Caesarean section - Risks 

Risks of a caesarean section 

Although it is a common procedure, a caesarean section is still major abdominal surgery. Like any operation, it carries a certain amount of risk.

Compared to a vaginal birth, a caesarean section increases the chance of needing to be admitted to an intensive care unit (ICU). However, this is still uncommon.

Risks to you

The main risks when having a caesarean section include:

  • infection of the wound
  • infection of the womb lining, known as endometritis, which can cause fever, womb pain, and abnormal vaginal discharge or heavy bleeding
  • blood clot (thrombosis) in your legs, which can be dangerous if part of the clot breaks off and lodges in the lungs
  • excess bleeding
  • damage to your bladder or ureter (the tube that connects the kidney and bladder), which may require further surgery

However, a recent change in practice means that infections should become a lot less common. Doctors now give women a single dose of antibiotics just before operating, which reduces the risk of developing an infection more than if antibiotics are given after the operation.

Aspiration

In the unlikely event you need a caesarean section under general anaesthetic, there is a risk that you will vomit during your operation. If this happens, food and fluid particles can pass from your stomach into your lungs. This is known as aspiration.

This can cause potentially serious swelling (inflammation) of the lungs, known as aspiration pneumonia.

Eating during labour may increase the amount of food and fluid in your stomach, and increase your risk of aspiration if you need to have an emergency caesarean.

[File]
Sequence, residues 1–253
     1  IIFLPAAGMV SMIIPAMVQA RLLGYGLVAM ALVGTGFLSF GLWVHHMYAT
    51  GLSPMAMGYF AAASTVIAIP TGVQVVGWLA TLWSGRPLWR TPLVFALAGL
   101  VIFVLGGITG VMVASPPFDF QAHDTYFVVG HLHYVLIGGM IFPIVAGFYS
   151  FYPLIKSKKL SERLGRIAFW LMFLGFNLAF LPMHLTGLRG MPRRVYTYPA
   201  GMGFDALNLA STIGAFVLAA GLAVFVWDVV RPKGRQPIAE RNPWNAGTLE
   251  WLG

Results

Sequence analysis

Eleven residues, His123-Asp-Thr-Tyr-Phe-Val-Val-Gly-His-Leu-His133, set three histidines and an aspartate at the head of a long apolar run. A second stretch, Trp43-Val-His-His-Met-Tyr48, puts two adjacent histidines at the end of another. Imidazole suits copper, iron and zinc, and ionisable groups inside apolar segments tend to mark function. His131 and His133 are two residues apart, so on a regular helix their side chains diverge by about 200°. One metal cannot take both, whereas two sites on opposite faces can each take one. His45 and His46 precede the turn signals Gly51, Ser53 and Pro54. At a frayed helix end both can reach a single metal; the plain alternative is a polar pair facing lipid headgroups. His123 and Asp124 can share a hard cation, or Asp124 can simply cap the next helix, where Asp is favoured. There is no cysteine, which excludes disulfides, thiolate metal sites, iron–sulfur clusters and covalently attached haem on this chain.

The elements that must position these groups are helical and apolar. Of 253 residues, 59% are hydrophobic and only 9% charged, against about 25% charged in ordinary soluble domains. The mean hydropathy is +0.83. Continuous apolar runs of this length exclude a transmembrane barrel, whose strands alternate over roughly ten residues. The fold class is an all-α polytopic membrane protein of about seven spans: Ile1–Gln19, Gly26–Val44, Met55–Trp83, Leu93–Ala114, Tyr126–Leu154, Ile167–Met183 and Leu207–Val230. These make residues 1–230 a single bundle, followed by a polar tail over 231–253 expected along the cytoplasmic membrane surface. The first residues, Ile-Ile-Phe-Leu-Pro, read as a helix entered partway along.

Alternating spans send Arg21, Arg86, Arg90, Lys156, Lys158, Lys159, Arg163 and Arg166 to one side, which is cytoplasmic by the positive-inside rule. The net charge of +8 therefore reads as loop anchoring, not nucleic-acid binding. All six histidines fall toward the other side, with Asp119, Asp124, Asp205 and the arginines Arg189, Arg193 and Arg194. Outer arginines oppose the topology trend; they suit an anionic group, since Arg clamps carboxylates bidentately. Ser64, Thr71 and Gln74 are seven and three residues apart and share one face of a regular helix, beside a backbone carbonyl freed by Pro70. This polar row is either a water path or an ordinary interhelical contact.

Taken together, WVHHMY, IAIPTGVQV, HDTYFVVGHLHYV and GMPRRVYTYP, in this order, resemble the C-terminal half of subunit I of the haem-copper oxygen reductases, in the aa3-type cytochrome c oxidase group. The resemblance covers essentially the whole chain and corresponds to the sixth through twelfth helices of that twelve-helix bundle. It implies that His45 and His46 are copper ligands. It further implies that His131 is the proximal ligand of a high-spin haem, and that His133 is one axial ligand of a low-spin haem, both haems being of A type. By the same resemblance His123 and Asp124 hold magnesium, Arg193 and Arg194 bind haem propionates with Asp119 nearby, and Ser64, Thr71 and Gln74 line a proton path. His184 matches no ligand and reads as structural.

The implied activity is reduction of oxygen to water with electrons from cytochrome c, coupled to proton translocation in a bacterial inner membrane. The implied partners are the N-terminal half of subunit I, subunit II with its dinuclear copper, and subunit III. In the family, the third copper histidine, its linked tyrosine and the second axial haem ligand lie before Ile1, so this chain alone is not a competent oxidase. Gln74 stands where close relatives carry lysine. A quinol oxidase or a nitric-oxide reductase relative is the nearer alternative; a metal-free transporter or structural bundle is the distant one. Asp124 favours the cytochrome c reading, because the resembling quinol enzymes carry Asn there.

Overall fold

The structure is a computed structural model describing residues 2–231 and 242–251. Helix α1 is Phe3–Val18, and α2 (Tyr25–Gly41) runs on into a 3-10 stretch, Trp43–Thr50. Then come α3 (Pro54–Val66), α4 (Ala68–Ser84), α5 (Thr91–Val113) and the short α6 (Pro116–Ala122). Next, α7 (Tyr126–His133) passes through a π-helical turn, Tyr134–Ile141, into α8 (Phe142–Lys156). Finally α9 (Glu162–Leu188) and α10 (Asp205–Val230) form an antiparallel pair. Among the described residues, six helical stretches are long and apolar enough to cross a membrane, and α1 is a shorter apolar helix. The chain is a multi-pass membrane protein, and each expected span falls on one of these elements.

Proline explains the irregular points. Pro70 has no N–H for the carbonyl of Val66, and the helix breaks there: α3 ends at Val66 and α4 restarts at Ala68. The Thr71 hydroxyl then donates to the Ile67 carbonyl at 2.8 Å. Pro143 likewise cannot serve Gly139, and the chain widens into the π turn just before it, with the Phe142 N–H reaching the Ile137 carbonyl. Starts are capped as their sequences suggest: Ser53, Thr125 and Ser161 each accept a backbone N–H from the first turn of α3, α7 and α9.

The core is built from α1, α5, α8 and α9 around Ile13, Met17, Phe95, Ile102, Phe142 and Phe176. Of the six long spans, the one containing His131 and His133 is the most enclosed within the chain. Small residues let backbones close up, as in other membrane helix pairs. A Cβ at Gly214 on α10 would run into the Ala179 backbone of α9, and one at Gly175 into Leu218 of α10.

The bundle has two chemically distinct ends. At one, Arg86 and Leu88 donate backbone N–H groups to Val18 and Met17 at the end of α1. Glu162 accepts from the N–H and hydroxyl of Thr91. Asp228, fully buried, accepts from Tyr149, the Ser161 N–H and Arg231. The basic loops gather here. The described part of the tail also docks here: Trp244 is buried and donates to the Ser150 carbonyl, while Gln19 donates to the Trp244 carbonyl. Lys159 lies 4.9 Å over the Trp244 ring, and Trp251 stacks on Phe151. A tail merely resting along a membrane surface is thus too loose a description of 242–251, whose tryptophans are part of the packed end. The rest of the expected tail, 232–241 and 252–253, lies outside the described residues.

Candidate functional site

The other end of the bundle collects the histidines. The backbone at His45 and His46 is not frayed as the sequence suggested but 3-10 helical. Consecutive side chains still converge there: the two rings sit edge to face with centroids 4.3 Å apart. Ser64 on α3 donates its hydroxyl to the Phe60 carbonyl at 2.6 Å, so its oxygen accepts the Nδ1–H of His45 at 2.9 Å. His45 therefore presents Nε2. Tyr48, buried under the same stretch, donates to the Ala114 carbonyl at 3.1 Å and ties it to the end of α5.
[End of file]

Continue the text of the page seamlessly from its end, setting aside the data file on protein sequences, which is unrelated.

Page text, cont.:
If there is an increased chance you may need to have a caesarean section during labour, drinking isotonic drinks (that have the same concentrations of salt and sugar as human body fluid) can give you energy during labour, without giving you a full stomach.

Risks to your baby

Having a caesarean section has not been shown to increase or decrease the risk of your baby having the most serious complications, such as an injury to the nerves in the neck and arms, bleeding inside the skull, cerebral palsy or death. These complications are very rare and affect fewer than 20 in 10,000 babies.

Sometimes a baby’s skin may be cut when the opening in the womb is made. This happens in 2 out of every 100 babies delivered by caesarean section, but usually heals without any further harm.

Breathing difficulties

The most common problem affecting babies born by caesarean section is difficulty breathing, although this is mainly an issue for babies born prematurely. For babies born at or after 39 weeks by caesarean section, this breathing risk is reduced significantly to a level similar to that associated with vaginal delivery.

Straight after the birth, and in the first few days of life, your baby may breathe abnormally fast. This is called transient tachypnoea. Most newborns with transient tachypnoea recover completely within two or three days.

If you think your baby is experiencing breathing difficulties, see your GP or call NHS 111 straight away. Treatment with oxygen may be necessary.

Page last reviewed: 17/07/2014

Next review due: 17/07/2016

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